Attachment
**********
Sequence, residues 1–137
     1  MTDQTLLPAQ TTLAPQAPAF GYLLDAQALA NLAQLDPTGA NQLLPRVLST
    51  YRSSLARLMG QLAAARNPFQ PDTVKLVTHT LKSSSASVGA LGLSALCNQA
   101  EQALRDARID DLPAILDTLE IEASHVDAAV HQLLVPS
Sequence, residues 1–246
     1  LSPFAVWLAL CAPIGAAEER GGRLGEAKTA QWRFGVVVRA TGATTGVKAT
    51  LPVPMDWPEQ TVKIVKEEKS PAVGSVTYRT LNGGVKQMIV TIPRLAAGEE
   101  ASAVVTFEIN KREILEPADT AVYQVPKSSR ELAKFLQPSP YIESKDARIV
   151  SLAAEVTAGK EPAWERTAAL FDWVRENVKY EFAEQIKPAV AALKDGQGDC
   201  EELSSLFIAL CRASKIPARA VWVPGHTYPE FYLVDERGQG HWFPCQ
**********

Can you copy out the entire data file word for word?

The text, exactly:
Sequence, residues 1–137
     1  MTDQTLLPAQ TTLAPQAPAF GYLLDAQALA NLAQLDPTGA NQLLPRVLST
    51  YRSSLARLMG QLAAARNPFQ PDTVKLVTHT LKSSSASVGA LGLSALCNQA
   101  EQALRDARID DLPAILDTLE IEASHVDAAV HQLLVPS
Sequence, residues 1–246
     1  LSPFAVWLAL CAPIGAAEER GGRLGEAKTA QWRFGVVVRA TGATTGVKAT
    51  LPVPMDWPEQ TVKIVKEEKS PAVGSVTYRT LNGGVKQMIV TIPRLAAGEE
   101  ASAVVTFEIN KREILEPADT AVYQVPKSSR ELAKFLQPSP YIESKDARIV
   151  SLAAEVTAGK EPAWERTAAL FDWVRENVKY EFAEQIKPAV AALKDGQGDC
   201  EELSSLFIAL CRASKIPARA VWVPGHTYPE FYLVDERGQG HWFPCQ